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US House members introduce Open Fuel Standard Act

A bipartisan group of House members led by Congressmen John Shimkus (R, Illinois-19) and including Eliot Engel (D, New York-17), Steve Israel (D, New York-2) and Roscoe Bartlett (R-Maryland-6) introduced the technology-neutral Open Fuel Standard (OFS) Act (HR 1687).

The OFS would require that 50% of new automobiles in 2014, 80% in 2016, and 95% in 2017, would be warranted to operate on non-petroleum fuels in addition to or instead of petroleum-based fuels. Compliance possibilities include the full array of existing technologies—including flex fuel, natural gas, hydrogen, biodiesel, plug-in electric drive, and fuel cell—and a catch-all for new technologies. This requirement will then provide certainty to investors to produce alternative fuels and fueling stations to have a variety of pumps supplying those alternative fuels, the Representatives said.

The Big Three automobile companies have in the past stated their willingness to make 50% of new vehicles flex fuel by 2012.

Comments

Reel$$

This looks well intentioned, but not sure how a hybrid drive (ie electric & gasoline) would qualify. Wouldn't a hybrid need to be Flex-Fuel?

If this is a loophole one hopes the Congressmen (and women) recognize the need to apply the OFS to any vehicle with an internal combustion engine. This means VOLT type serial hybrids would have to be Flex Fuel by a certain date. Which is what GM promised in the first place.

The next step is to legislate distribution of flex fuels. This means a Federal mandate for an escalating percentage of corporate owned and franchised gas stations to sell OFS fuels in some capacity.

Matt Roberts

This legislation actually does not include straight hybrid vehicles - as, though they extend gasoline mileage, they do not replace the dependence on that fuel. Only hybrid FFVs would qualify.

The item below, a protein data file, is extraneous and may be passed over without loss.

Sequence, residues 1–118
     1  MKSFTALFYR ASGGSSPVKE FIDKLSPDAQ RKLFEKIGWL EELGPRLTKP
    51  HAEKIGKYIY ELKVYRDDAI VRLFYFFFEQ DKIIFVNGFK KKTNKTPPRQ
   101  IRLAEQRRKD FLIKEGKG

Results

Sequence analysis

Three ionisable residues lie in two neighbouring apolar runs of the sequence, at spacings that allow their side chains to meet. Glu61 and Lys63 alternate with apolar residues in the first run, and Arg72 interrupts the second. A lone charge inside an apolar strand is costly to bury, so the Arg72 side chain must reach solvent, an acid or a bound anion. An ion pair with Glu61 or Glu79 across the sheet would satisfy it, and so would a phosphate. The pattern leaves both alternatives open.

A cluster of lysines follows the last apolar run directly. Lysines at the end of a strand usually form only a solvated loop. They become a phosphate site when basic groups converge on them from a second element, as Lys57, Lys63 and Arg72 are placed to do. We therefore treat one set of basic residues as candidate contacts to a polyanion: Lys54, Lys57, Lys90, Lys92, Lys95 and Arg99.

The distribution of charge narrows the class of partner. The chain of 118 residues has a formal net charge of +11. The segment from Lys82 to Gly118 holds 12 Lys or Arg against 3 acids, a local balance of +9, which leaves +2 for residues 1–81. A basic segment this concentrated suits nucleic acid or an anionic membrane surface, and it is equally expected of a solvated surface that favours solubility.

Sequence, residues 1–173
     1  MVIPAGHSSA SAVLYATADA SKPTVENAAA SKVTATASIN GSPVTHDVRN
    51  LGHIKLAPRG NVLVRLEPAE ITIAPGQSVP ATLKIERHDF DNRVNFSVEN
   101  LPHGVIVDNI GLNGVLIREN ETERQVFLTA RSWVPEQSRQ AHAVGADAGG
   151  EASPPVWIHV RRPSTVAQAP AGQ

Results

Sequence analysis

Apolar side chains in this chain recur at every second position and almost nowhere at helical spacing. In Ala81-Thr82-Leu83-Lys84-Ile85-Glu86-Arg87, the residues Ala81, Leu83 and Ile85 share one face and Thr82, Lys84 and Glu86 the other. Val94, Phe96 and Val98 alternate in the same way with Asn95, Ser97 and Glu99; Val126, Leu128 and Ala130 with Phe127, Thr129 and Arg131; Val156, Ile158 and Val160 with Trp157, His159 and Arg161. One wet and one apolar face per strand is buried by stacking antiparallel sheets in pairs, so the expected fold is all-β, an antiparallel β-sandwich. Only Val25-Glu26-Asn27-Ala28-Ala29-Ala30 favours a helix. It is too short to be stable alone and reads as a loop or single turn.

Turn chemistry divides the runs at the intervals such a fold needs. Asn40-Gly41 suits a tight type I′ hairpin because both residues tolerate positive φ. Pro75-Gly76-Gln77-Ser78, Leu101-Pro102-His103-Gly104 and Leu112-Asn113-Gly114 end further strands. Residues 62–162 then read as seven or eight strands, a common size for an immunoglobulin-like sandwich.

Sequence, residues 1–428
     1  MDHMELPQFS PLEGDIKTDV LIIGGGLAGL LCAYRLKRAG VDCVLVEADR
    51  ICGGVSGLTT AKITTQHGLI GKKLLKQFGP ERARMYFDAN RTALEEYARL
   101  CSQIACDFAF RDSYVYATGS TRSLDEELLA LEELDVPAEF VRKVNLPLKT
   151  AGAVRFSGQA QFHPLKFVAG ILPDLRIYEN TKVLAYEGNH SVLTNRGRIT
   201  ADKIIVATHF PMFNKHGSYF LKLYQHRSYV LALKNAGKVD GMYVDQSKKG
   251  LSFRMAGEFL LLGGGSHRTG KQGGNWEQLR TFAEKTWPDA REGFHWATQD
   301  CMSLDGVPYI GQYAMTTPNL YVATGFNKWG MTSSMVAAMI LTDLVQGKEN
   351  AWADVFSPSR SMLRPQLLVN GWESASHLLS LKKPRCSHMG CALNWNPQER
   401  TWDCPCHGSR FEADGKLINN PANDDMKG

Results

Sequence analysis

And the beauty of this bill is that there is no need to legislate fuel distribution - or spend millions in funding infrastructure like other bills being proposed.

With vehicles on the road that can run on these fuels, the chicken and egg conundrum is cracked and retailers and investors can fund those efforts with the knowledge that the market won't dry up as soon as they do.

SJC

It costs about $200 per car to make them OFS FFVs. The U.S. auto makers said they could and would do it. Once you have tens of millions of these cars out there, a market can develop for alternative fuels. If not, we have many cars that can run gasoline with better fuel systems. They have stainless steel fittings and silicon rubber O rings that last longer.

This is the easiest and most beneficial move that I can think of. It costs very little and can do SO much good. They tried back in 2008 to get OFS passed and now they are trying again. There is bipartisan support for this and they have signatures for more than half the votes that they need. It is not often that we can find something that BOTH parties can agree on, but this is one of those times and we should take advantage of it for the benefit of all.

D

I want the congress to let supply and demand to shape our world not government intervention, they can go home on an extended vacation and quit trying to fix things. They are totally incapable of making things better. Political correctness has almost destroyed this republic. If they all would just get out of the way and get rid of useless regulations things would turn around and get headed in the right direction for a change! THE GOVERNMENT IS THE PROBLEM NOT THE SOLUTION!!!!

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